I got home from Kauai at midnight on a Friday night, and by 8 a.m. the next morning was on my way to Survival Weekend #8.
It was cold up at Trackers camp, rain occasionally turning to snow and then back again. This weekend we were learning to make baskets and receptacles, very useful for a longer-term survival situation. Here in the Pacific Northwest, I could imagine baskets being particularly handy for gathering berries, an important wild food in summer. Or for the delicious morels in season now.
We learned how to make baskets out of three types of plants: ivy, trailing blackberry and willow. Since we didn’t make it all the way through our willow baskets (our hands numb from working outside in the cold, even though we were standing around a fire), I’ll stick to just the ivy and trailing blackberry basics for making baskets. These materials are great for beginners; they were extremely forgiving.
First find your materials. I probably used an huge armload of ivy vines to make a basket that would just fit a cantaloupe. We stood around and constructed our baskets right by the ivy patch so we could get more materials as needed.
1. Take a fairly sturdy vine and make a circle with it. Then wind the remainder of the vine around the circle and tuck in the end securely. Take another vine and also wind it around the circle to reinforce it. Make two of these fairly sturdy circles, and size them so that one is slightly smaller.
2. Tuck the smaller circle inside the bigger one. Select one section of the circle to be the handle.
3. Now secure the intersection of the two circles. This is basically a “god’s eye” weaving design.
4. Next you’ll need to select another thick vine that will provide the ribs of the basket. Measure how long a piece you’ll need to make ribs like this. The “god’s eye” design on the sides will provide space to jam in the ends of the ribs. They should be more or less secure, but they will also be reinforced in the next step.
5. Starting at the god’s eye intersection on one side, begin to weave long pieces of vine in and out to create the basket body. Once you get about halfway through, start weaving vines down from the other side. Close the gap in the middle.
6. Voila! The very simple and forgiving ivy basket. Now, just remember that ivy, at least around here, is a nasty invasive species. To prevent the further spread of ivy to another area, trim off all the green parts of the ivy from your basket and leave them where the ivy is already growing. Or dispose of the leaves and green vines by burning them.
Trailing blackberry vine basket
I loved working with this plant. I’d never known the name of it, though it’s very common around here. Here’s a sample of what it looks like.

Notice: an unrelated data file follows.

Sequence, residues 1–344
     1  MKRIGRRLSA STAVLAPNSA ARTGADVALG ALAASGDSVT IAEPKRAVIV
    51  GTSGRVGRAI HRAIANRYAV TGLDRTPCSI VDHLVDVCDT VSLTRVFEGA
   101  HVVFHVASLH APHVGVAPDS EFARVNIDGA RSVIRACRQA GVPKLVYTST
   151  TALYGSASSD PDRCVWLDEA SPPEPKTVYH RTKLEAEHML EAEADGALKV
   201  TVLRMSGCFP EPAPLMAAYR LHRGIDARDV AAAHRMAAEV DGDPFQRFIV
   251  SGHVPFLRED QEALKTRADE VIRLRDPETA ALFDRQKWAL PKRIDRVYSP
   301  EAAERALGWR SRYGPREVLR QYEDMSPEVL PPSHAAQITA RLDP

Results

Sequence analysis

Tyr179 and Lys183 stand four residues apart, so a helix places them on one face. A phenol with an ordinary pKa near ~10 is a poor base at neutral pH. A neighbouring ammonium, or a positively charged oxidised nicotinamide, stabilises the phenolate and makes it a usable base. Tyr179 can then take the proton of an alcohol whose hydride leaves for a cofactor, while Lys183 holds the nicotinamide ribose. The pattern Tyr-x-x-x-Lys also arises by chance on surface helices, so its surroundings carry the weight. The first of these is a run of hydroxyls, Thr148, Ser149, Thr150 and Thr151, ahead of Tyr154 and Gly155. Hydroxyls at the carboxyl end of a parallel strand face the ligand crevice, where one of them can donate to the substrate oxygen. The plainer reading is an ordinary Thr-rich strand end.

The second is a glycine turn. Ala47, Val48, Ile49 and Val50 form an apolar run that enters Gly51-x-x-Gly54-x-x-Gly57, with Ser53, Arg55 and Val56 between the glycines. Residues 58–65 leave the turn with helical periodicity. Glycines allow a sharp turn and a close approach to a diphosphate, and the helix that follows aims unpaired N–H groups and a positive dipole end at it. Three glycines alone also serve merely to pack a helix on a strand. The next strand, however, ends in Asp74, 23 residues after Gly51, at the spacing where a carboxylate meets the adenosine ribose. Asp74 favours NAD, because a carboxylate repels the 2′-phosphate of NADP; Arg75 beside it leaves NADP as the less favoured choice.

This vine has small thorns and leaves to remove. So the first step is to put on a pair of thick leather gloves, clasp the vine between your thumb and pointer finger and pull the vine through, removing all the thorns. If you don’t have a pair of gloves, another way to remove the thorns is to use dull edge of your knife to press the vine against a rock, then pull the vine through gently.
Here’s what the vines look like when they’re ready to be used.
1. First we found several thicker vines and cut them into five pieces of equal length, maybe about 2 feet long. With four of the pieces, we arranged a star shape in our hand. The last piece we folded in half and hooked around the other four vine pieces.
2. While attempting to maintain the star shape with the spine pieces with one hand, you’ll take a smaller vine, fold it in half, pull the loop down on one of the spines, cross the ends around the spine, then cross the ends over the next spine, and on, until you run out of vine.
3. Secure the ends of the first vine by placing the next looped vine over top of them. Weave in the ends of the first vine. Continue the crossing pattern all the way up the body. If you want a more open basket, continue to mold that shape with your hands as you’re weaving. I continued to weave fairly tightly around the spines so my basket began to take on a more narrow, rather than bowl-like, shape.
4. To finish off the top of the basket, you’ll trim the spines one by one, leaving enough length at the end of each spine so that you can tuck it down into the space to the left of the spine two spines over. I know that’s confusing, so take a look here.
5. I made a little lid for my basket. To do this, I basically just started a new basket but then stopped weaving it when it was the right size for a lid. To finish the lid, I trimmed its spines the same way I did with my basket. Except I left three spines long so I could weave them down into the body of the basket and they would act as hinges.
Hmm. Now I have a tiny basket for which I have no purpose. It is kind of the perfect shape for a pine cone. Now just to find that holy pine cone that I should keep safe in a very special basket…